In 1938, after his father Professor Henry Jones, Sr. goes missing while pursuing the Holy Grail, Professor Henry "Indiana" Jones, Jr. finds himself up against Adolf Hitler's Nazis again to stop them from obtaining its powers.
It's the summer of 1959 in Castlerock, Oregon and four 12 year-old boys - Gordie, Chris, Teddy and Vern - are fast friends. After learning of the general location of the body of a local boy who has been missing for several days, they set off into woods to see it. Along the way, they learn about themselves, the meaning of friendship and the need to stand up for what is right.Written by
When the boys are crossing the bridge, and Gordie is trying to help Vern to his feet there is a very brief cutaway showing that the oncoming train is only the engine and one car. The previous shot, and the later one once it passes, all show it to have several cars. See more »
I was 12 going on 13 the first time I saw a dead human being. It happened in the summer of 1959-a long time ago, but only if you measure in terms of years. I was living in a small town in Oregon called Castle Rock. There were only twelve hundred and eighty-one people. But to me, it was the whole world.
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As the end credits begin, we see Gordie's son and his friend playing on his front yard on their way to a swimming pool. See more »
In the Spanish Castilian version, Gordie's name was changed to "Cornie" because in Spanish "Gordie" sounded like "Gordi" that means "Fatty", and Wil Wheaton's character wasn't. Also in "Gordie's nightmare when his father calls him Gordon, in the dubbing calls him "Cornell". See more »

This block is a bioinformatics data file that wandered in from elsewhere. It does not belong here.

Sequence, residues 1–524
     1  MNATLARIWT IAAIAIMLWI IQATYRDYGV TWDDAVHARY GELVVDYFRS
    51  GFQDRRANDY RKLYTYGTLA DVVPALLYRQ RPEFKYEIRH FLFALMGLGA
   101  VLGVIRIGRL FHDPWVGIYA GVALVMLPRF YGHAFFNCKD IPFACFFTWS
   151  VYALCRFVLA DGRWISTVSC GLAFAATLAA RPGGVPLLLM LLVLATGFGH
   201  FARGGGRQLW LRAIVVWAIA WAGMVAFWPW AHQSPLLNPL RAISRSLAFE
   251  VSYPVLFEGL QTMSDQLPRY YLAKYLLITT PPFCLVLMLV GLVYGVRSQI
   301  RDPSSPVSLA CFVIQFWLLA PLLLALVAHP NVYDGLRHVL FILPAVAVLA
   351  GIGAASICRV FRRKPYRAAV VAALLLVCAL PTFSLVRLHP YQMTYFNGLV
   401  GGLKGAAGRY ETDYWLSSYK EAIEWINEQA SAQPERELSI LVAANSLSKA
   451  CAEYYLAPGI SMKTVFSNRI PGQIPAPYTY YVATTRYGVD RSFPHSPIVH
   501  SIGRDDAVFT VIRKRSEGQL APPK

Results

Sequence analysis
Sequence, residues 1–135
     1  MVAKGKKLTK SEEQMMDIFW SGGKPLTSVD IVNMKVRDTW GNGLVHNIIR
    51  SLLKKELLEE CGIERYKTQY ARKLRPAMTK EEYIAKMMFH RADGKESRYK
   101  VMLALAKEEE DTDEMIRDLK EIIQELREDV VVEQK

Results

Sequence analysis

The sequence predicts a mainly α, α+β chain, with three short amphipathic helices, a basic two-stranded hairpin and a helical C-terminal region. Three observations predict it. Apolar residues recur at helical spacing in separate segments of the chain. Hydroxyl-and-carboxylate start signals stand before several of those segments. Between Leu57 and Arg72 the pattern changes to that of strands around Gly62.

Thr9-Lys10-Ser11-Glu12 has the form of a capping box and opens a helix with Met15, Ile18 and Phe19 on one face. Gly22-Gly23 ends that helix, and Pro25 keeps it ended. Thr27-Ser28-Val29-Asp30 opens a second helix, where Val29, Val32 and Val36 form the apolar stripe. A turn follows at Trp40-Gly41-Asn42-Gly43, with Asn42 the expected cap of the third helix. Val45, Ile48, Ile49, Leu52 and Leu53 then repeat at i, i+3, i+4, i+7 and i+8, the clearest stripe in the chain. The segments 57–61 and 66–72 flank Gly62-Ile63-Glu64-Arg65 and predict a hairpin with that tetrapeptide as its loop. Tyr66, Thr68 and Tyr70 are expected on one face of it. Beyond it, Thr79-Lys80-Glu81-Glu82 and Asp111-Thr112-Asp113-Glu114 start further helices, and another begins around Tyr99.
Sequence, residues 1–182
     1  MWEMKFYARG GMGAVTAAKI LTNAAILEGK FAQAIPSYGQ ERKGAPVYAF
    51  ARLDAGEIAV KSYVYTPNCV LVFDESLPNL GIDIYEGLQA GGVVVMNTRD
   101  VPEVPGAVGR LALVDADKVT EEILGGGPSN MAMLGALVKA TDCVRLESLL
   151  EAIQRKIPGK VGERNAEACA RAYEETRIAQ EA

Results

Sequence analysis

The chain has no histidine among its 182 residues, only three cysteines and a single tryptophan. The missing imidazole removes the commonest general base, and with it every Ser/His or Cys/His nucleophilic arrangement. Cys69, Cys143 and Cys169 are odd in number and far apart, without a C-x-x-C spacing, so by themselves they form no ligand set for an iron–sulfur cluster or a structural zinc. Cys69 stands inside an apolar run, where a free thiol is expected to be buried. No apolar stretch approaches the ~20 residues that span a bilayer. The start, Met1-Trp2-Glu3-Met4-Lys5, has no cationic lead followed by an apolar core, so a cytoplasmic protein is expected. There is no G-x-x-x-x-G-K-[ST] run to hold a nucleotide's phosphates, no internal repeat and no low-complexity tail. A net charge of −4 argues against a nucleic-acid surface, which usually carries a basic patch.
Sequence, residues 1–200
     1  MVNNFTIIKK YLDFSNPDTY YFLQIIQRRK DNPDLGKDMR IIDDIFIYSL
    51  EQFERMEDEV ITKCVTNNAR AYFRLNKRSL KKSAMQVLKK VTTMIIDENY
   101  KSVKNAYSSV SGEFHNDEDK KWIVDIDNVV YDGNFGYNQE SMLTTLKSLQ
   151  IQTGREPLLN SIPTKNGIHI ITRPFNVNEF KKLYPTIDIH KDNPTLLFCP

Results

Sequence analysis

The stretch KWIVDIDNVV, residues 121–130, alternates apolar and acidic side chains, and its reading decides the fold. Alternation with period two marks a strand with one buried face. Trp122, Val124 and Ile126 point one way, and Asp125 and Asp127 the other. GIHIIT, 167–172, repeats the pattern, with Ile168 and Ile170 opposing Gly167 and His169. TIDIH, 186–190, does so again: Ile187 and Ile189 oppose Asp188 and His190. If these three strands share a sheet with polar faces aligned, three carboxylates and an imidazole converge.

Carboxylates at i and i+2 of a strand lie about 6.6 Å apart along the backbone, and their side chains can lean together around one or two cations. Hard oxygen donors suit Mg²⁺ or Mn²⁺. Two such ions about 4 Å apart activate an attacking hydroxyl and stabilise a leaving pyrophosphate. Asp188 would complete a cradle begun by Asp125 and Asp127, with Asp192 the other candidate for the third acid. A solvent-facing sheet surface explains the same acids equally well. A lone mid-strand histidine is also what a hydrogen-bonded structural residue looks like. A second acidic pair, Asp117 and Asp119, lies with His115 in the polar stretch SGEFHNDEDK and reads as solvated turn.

I find it hard to comment on this film without simply repeating what has already been said. It's not that I can't think of anything original, but that others seem to have felt the exact same emotions as I did when watching this film.
I saw this movie when I was about 12, 13, maybe 14 years old. So it didn't have the same nostalgic sense it had for so many. But what it did, was make me ache for those memories. I wanted (in the words of another reviewer) to be 12, and *that* cool. I wished I had been like that, that I had had friends like that, laughed like that, and had adventures like that.
The 'milk-money' scene was probably one of my all-time favourite scenes in movie history. Up until I saw this movie I had never held much regard for River Phoenix, but the poignancy and sincerity which River added to the role of Chris Chambers touched me to the point of tears. I read in yet another review that in this scene, River was asked to think of a time when he had been hurt by an adult, and that even after the cameras stopped rolling, River sat there still, sobbing and hurting. And I felt every tear and heard every word as though I were there with Chris.
This movie made me laugh, cry, rejoice and fear with Chris, Gordie, Teddy and Vern. I loved the campfire scenes, and today I look back on my own childhood, and remember with a laugh the amazingly similar things I used to laugh and wonder about with my friends. I remember dreaming about being a writer and an actress, I remember standing up to bullies, I remember walking or riding with my friends, I remember being afraid, and crying onto a friend's shoulder.
I guess what this movie does for everyone, is take them back in time, even though the situations may have been different, chances are you'll find the similarities, and remember with a smile that yes, your life was once *that* cool. In the words of Vern, "a great time"
I especially loved the ending. That they found out who was strong, and who just talked tough. I loved the last scene with Chris and Gordie, and the closing monologue.
"I never had any friends later on, like the ones I had when I was twelve...Jesus....does anyone?"
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